Heart Food

From Wikipedia, the free encyclopedia
Jump to: navigation, search
Heart Food
Studio album by Judee Sill
Released March 1973 (1973-03)
Recorded 1972-73
Genre Folk-rock, rock
Length 37:44
Label Asylum
Producer Henry Lewy
Reissue Producer: Andy Zax
Judee Sill chronology
Judee Sill
(1971)
Heart Food
(1973)
Dreams Come True
(2005)
Professional ratings
Review scores
Source Rating
Allmusic 3.5/5 stars[1]
Pitchfork (8.8/10)[2]

Heart Food is the second album released by American singer/songwriter and musician Judee Sill. It was released on David Geffen's Asylum label in March 1973[3] to acclaim but minimal sales. Sill wrote, arranged, and produced the album. As with Judee Sill, it was reissued by Rhino Records in 2003, featuring new liner notes and extra demos and unreleased tracks.

Songs[edit]

Some of the songs from Heart Food date back to the time of her debut album Judee Sill. "The Pearl" and "The Phoenix" (copyrighted in 1969) were originally recorded for the debut album in 1971 but were removed to make room for late inclusion "Jesus Was A Cross Maker." Instead, they were re-recorded for Heart Food. Sill had also been performing "The Vigilante" in 1971 when working as a support act.

Sill finished writing "The Kiss" around March 15, 1972, and "Down Where the Valleys Are Low" was also completed in early 1972. Songs like "The Kiss" reflect her fascination with hymnody and Christian imagery, while others, notably "Soldier of the Heart," feature fuller pop arrangements. The album is dedicated to Sill's then-boyfriend David Omer Bearden, who wrote the lyrics to the solo piano song "When the Bridegroom Comes." As with her debut, Sill's lyrics bear the hallmarks of her interest in the occult and Christian theology. The song "The Donor" features an ambitious and intricate choral arrangement built around hymnal chants of "Kyrie Eleison."

Live[edit]

Sill continued to perform live with the release of Heart Food. She debuted "The Kiss" in a BBC session on March 23, 1972, saying it was written only seven or eight days before. She also played "Down Where the Valleys Are Low" at this session, aired on April 1, 1972. Sill also performed further BBC sessions in 1972 and 1973, including a TV concert in April 1972, a Radio 1 session on February 14, 1973, where she played six songs from Heart Food, and two sessions for the BBC TV show Old Grey Whistle Test; her performance of "The Kiss" at the 1973 session is available on DVD. [1]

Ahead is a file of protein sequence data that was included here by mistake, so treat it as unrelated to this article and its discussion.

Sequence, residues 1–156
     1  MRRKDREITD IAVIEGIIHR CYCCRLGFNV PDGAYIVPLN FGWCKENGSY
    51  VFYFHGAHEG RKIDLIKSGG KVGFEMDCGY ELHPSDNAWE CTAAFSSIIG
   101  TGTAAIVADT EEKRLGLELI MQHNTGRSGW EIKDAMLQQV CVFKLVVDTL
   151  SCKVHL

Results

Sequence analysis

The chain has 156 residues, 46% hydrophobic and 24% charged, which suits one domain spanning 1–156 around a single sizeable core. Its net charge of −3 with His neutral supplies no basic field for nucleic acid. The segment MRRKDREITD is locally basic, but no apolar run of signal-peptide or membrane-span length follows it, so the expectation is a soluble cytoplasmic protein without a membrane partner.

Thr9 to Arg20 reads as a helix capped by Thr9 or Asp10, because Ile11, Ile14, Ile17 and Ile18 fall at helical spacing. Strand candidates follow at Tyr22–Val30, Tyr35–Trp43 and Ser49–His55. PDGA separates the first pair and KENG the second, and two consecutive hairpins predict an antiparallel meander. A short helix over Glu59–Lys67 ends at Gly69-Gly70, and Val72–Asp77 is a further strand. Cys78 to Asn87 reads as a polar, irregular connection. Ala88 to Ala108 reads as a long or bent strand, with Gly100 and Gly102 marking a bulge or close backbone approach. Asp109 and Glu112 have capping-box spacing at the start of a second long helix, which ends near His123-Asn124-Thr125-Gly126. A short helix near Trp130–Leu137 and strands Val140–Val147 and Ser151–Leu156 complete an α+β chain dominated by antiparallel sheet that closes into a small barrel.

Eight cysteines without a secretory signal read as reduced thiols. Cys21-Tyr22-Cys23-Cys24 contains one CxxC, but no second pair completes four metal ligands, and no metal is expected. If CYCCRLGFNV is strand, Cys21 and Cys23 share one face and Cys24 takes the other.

Track listing[edit]

All tracks composed by Judee Sill; except lyrics on "When The Bridegroom Comes" by David Omer Bearden

Side one
  1. "There's a Rugged Road" – 3:44
  2. "The Kiss" – 4:36
  3. "The Pearl" – 1:55
  4. "Down Where the Valleys Are Low" – 3:52
  5. "The Vigilante" – 3:50
Side two
  1. "Soldier of the Heart" – 3:34
  2. "The Phoenix" – 2:37
  3. "When The Bridegroom Comes" – 4:14
  4. "The Donor" – 9:12

Versions & tributes to Sill[edit]

"The Kiss" has been covered by Matt Alber on his 2011 album Constant Crows,[4] by Neil Cavanagh on his 2008 album Short Flight to a Distant Star, and by Bonnie 'Prince' Billy on his 2004 CD single No More Workhorse Blues.[5] Shawn Colvin covered "There's a Rugged Road" on her 1994 album "Cover Girl". "There's a Rugged Road" was sung by a character in the 2010 film Greenberg, directed by Noah Baumbach. Jane Siberry contributed vocals to a cover of "The Kiss" for Ghostland's album Interview With The Angel.[6] This version was also released on Siberry's 2001 compilation, City.[7]

References[edit]